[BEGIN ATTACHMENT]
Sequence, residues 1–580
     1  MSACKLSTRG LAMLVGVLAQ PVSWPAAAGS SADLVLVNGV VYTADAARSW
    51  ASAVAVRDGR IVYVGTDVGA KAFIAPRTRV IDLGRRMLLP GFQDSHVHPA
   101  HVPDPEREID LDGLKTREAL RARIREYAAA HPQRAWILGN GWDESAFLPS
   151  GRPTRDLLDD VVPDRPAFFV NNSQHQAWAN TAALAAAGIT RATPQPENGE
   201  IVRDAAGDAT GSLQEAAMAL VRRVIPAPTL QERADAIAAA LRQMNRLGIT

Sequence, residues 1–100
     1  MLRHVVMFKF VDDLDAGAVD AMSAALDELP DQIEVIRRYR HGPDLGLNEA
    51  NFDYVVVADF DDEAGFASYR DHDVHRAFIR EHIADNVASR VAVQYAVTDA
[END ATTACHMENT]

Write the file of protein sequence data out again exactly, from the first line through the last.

Sequence, residues 1–580
     1  MSACKLSTRG LAMLVGVLAQ PVSWPAAAGS SADLVLVNGV VYTADAARSW
    51  ASAVAVRDGR IVYVGTDVGA KAFIAPRTRV IDLGRRMLLP GFQDSHVHPA
   101  HVPDPEREID LDGLKTREAL RARIREYAAA HPQRAWILGN GWDESAFLPS
   151  GRPTRDLLDD VVPDRPAFFV NNSQHQAWAN TAALAAAGIT RATPQPENGE
   201  IVRDAAGDAT GSLQEAAMAL VRRVIPAPTL QERADAIAAA LRQMNRLGIT

Sequence, residues 1–100
     1  MLRHVVMFKF VDDLDAGAVD AMSAALDELP DQIEVIRRYR HGPDLGLNEA
    51  NFDYVVVADF DDEAGFASYR DHDVHRAFIR EHIADNVASR VAVQYAVTDA